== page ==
Before I moved away from Chicago I made one last visit to my health center, this time for a healing touch session. I sat talking with the healer for a while before and after she did her work and had the book Your Body Speaks Your Mind by Deb Shapiro recommended to me. When I got my library card in January I put a bunch of books on request that they didn't have in my local branch and this one finally came in this week. Prior to it I had a short affair with Michael Pollan's book, The Botany of Desire, and also read Animal, Vegetable, Miracle by Barbara Kingsolver and her family. Thus far it's been a very "food and body" year. The focus there has only increased since I began my surprising new job as a cook in a simple cafe. By the way, I do want to get some posts written in the future, about the deep joy that wells up while I'm slicing artisan salamis and subsequently arranging them with arugula or fontina, for instance.
My tendency is to always push for more. More comfort, more style, more knowledge, more sensuality, more, more, more. While I feel that is something that makes me the brave, strong, and creative woman I am, it also can run me into the ground. I am realizing that my greed for a more full life can stress me out. What I want to do is be more gentle and possessed of a graceful equanimity in experiences. That does, somewhat obviously, mean that I'm still wanting more, which is painfully ironic to me, but at least the more I'm wanting is one I'm trying not to push for.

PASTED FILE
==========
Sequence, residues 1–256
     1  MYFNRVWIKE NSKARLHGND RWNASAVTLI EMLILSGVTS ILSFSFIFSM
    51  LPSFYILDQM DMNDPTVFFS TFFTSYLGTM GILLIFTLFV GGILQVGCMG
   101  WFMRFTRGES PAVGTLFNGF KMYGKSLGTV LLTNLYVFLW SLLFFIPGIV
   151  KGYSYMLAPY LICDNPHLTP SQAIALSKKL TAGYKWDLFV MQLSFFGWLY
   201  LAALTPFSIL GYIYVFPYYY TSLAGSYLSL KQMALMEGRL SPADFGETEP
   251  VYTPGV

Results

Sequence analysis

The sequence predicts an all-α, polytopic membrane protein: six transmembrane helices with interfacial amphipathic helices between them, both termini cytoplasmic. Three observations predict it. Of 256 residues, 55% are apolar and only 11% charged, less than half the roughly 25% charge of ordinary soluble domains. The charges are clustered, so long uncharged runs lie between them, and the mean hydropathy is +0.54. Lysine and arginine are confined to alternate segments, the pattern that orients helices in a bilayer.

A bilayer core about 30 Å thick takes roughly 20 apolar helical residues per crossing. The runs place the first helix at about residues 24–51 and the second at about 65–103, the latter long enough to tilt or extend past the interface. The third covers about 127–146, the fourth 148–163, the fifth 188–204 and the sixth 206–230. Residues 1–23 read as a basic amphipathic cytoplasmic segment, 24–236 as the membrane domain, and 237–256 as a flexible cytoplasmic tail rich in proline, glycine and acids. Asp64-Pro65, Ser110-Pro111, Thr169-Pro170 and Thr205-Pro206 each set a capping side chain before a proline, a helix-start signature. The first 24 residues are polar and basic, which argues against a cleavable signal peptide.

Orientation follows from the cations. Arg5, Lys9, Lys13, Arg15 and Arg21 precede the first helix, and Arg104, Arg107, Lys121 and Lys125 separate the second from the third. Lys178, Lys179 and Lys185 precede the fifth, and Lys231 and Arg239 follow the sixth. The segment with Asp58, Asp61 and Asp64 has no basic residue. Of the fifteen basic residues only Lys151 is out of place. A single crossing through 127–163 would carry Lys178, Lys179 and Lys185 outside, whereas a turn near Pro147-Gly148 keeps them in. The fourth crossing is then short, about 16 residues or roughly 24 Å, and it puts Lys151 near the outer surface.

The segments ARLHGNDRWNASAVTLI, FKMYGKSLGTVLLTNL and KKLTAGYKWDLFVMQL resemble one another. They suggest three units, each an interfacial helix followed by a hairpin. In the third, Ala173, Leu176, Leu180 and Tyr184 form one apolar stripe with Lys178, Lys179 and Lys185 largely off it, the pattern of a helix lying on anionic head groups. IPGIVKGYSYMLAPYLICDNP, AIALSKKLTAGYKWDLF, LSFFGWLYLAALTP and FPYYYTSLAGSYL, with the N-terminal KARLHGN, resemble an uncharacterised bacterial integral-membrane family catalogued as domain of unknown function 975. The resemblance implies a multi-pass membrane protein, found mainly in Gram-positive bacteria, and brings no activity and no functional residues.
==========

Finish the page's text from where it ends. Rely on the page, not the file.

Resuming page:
Lady Chatterley's Lover has been rising in my heart lately and so has nostalgia. I am full of vernal, sensual romance about life in general. These feelings have translated into many wonderful experiences. Upon gleefully accepting that I am healing in mind and body I also decided to put Deb Shapiro's book back in the library stacks for now. Though the introduction and first chapter were compelling I'm resisting the urge to push for more and let the knowledge I have worked so hard to acquire settle in. I'm taking a resting break, from the pursuit of direct learning, during which even more healing is bound to occur.
Instead, I am waiting for Lolita to come in at the library. I want to see how I take to Nabokov's most impacting and controversial work. I plan to be savoring prose, in general, for awhile. I aim to rekindle my infinite zeal for the soulful music of artistically wrought language and in doing so, also allow the eager student in me a relaxing break, abound in spring-time beauty and linguistic dance.